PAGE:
 The population increased during this period.
 Cultural and intellectual achievements of Rome increased.
The laws of twelve tables-set of laws such as a person is considered innocent until proven guilty.
Aqueducts- bridge like structures used to carry water to long distances.
The use of arch’s and dome’s for the Pantheon.
Greek and roman culture spread throughout culture.
Belief Systems
 An ancient religion that centralizes it’s beliefs around the belief that human-like spirits are present in animals,
plants, and all other natural objects.
 The spirits are believed to be the souls of dead ancestors.
 Spirits possess living and non-living things
 Often combined with other religions to extend beliefs.
Definition: a belief in a single god
Greek words “mono” meaning “one” and “theism” meaning “god-worship”
The Hebrews (Jews) were the first religions to become monotheistic. They believed in one god for
protection who they called Yahweh. Yahweh had power over everyone, not just the Jews and Hebrews.
God was not a physical being, and no physical images were to be made of him.
According to the Torah the treason Yahweh looked after the Hebrews was because Abraham promised to
obey him, not because of ceremonies or sacrifices as seen in polytheism.
 Started with Nomads in the Indus Valley in 1500 B.C.
 Brahmah – one unifying spirit
 Brahma the Creator, Vishnu the Preserver, Shiva the Destroyer
 Goal of life is to unite with Brahman (through reincarnation)
 Reincarnation – rebirth of the soul in a new body, get closer to Brahman with every rebirth
 Karma – deeds of ones life that effect his or her next life
 Dharma – moral and religious duties that are expected from an individual
 Caste system – social class system
 Vedas – one of the books of Hinduism, filled with sacred teachings
Karma (750 B.C.)
 Hindus share a common world-view.
 They see religion as a way of liberating the soul from the illusions, disappointments, and mistakes of everyday
 Sometime between 750 B.C. and 550 B.C., Hindu teachers tried to interpret and explain the hidden meaning
of the Vedic hymns.
 As they meditated on the Vedas, they asked:
 What is the nature of reality?
 What is morality?
 Is there eternal life?
 What is the soul?
 A belief in reincarnation, or rebirth of the soul in another body after death, forms the basis of Hinduism and
underlies the entire cast system.
 A person’s cast is their reward or punishment for karma, deeds committed in a previous
 Karma influences specific life circumstances, such as the cast one is born into, one’s
state of health, wealth or poverty, and so on.
 Reincarnation is a central teaching of the Hindu Religion.
 When one is born they are given life by Brahma, as they pass through life they are preserved by Vishnu, until
Shiva claims you in death.
 Than the cycle is repeated over and over again until one finally achieves Moksha.
 Rivers are used to symbolize reincarnation because they have a constant flow, yet follow the same course.
 Originated in India, by Siddhartha Guatama
 Four Noble truths
All life is suffering
Suffering is caused by desire for things that re illusions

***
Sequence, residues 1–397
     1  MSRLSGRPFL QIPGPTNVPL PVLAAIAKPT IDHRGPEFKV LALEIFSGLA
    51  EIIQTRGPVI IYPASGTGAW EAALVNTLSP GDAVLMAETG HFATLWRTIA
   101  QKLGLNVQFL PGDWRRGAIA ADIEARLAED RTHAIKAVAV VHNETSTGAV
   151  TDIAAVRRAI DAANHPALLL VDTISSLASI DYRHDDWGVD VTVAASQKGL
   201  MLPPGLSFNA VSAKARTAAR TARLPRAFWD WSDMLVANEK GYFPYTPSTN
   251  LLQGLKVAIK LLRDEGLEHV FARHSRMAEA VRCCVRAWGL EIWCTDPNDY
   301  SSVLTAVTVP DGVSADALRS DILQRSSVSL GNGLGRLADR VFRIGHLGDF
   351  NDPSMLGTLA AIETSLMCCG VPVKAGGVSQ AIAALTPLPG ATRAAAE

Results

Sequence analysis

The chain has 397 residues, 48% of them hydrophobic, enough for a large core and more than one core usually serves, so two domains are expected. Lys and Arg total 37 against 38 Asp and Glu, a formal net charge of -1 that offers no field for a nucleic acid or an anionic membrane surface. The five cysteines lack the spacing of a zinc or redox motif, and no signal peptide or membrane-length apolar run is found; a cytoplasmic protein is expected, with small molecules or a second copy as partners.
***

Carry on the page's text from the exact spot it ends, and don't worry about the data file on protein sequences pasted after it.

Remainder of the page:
The way to eliminate suffering is to eliminate desire
Following the Eightfold Path will help people overcome desire
 Sacred text Tripitaka- Three baskets of wisdom
 Ultimate goal: Nirvana- union with the universe and release from the cycle of death and rebirth
Four Noble Truths
The Four Noble Truths were a part of Siddhartha Gautama’s Buddhism.
These truths were what was understood by Siddhartha in his enlightenment.
They were ideas that were supposed to be followed to seek enlightenment, or wisdom.
The First Noble Truth- Everything in life is suffering and sorrow.
The Second Noble Truth- The cause of all suffering is people’s selfish desire for the temporary pleasures of
this world.
The Third Noble Truth- The way to end all suffering is to end all desires.
The Fourth Noble Truth- The way to overcome such desires and to attain enlightenment is to follow the
Eightfold Path, which is called the Middle Way between desires and self-denial.
Nirvana- 250 B.C.
 Belief of the Buddhist religion.
 Defined as union with the universe. It is also a release from the cycle of death and rebirth.
 It is also a release from selfishness and pain.
 Buddha stressed that each individual person could reach a peace state called nirvana.
 You have to follow the Eightfold Path in order to reach nirvana.
To achieve Nirvana, you would have to reject the sensory world and embracing spiritual discipline.
Confucianism started in China during the Zhou Dynasty
Confucianism was the guide to the nature of government and the structure to society
Men were thought to be superior to women
Confucius wrote The Analects
Confucius believed in order to establish social order, harmony and a good government he needed
to use the
 Five key relationships 1. friend to friend, 2.father to son, 3. ruler to subject, 4. husband to wife,
5. older brother to younger brother
 Confucius stressed that children should practice filial piety or respect for their elders
 There was also an influence on the Japanese
Taoism (or Daoism) bout 500 B.C.
Founder= Laozi
Live in harmony with nature
Contemplate Tao, or the ‘way’
Yielding and acceptance are important virtues
Followers rejected the world and human government, they often became hermits, mystics or poets.
Balance of yin and yang
Yin= earth, darkness, female forces